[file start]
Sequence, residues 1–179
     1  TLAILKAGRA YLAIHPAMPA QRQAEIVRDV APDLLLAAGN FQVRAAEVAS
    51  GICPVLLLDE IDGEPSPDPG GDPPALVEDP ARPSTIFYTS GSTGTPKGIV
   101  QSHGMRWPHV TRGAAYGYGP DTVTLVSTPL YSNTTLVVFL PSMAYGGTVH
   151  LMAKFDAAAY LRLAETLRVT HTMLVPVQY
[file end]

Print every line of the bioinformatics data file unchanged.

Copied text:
Sequence, residues 1–179
     1  TLAILKAGRA YLAIHPAMPA QRQAEIVRDV APDLLLAAGN FQVRAAEVAS
    51  GICPVLLLDE IDGEPSPDPG GDPPALVEDP ARPSTIFYTS GSTGTPKGIV
   101  QSHGMRWPHV TRGAAYGYGP DTVTLVSTPL YSNTTLVVFL PSMAYGGTVH
   151  LMAKFDAAAY LRLAETLRVT HTMLVPVQY